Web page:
Anglophile guitarist and singer/songwriter Bob Segarini formed The Wackers in northern California in 1970 before relocating to Montreal, Canada, two years later.
The Wackers released their debut album, Wackering Heights, in 1971 on Elektra. Produced by sunshine pop icon Gary Usher, the album was a dreamy sundae of Rubber Soul, Crosby, Stills and Nash, and The Beach Boys‘ Wild Honey.
Also produced by Usher, Hot Wacks (1972) fulfilled Segarini’s desire to distil the best of The Beatles – just two years after their messy demise. Opening track I Hardly Know Her Name channels With The Beatles while the transcendent We Can Be picks up on the sentiments and harmonies of Revolver.
Best of all, the 10-minute suite – book-ended by Time Will Carry On – gives the Abbey Road medley a good run for its money.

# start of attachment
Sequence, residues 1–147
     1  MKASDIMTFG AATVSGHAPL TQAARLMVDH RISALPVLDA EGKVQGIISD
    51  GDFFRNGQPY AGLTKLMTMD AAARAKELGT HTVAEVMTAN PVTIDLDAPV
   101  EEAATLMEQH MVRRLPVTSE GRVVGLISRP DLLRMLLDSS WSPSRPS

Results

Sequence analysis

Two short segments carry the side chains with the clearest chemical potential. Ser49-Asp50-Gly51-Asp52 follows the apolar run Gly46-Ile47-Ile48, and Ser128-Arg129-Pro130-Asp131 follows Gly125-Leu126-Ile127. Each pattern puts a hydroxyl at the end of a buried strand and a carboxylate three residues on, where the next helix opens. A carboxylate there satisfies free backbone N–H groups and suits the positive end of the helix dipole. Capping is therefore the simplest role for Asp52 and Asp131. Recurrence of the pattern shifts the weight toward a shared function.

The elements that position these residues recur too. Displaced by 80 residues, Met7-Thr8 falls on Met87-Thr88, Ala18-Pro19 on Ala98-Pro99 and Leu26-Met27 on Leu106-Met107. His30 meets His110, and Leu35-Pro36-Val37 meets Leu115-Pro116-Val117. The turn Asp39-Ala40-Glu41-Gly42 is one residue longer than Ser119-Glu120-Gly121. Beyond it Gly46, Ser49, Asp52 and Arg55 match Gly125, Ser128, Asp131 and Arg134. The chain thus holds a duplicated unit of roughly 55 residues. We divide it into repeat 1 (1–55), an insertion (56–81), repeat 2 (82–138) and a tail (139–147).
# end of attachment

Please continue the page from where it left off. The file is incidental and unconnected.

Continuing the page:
Harking back to the joy of 1966 yet shot through with 1970’s realism, Hot Wacks is a power-pop classic.
Shredder followed in 1973 and the group called it a day in 1974 after recording the (canned by Elektra) live album Wack ‘n’ Roll.
Blessed with the goods to be as big as Badfinger – sparkling harmonies, triple-guitar chime and two ace songwriters – The Wackers sadly did not get the power pop love ritually accorded to Big Star and The Raspberries.
Guitar, keyboards, bass
Bill ‘Kootch’ Trochim
Spencer ‘Ernie’ Earnshaw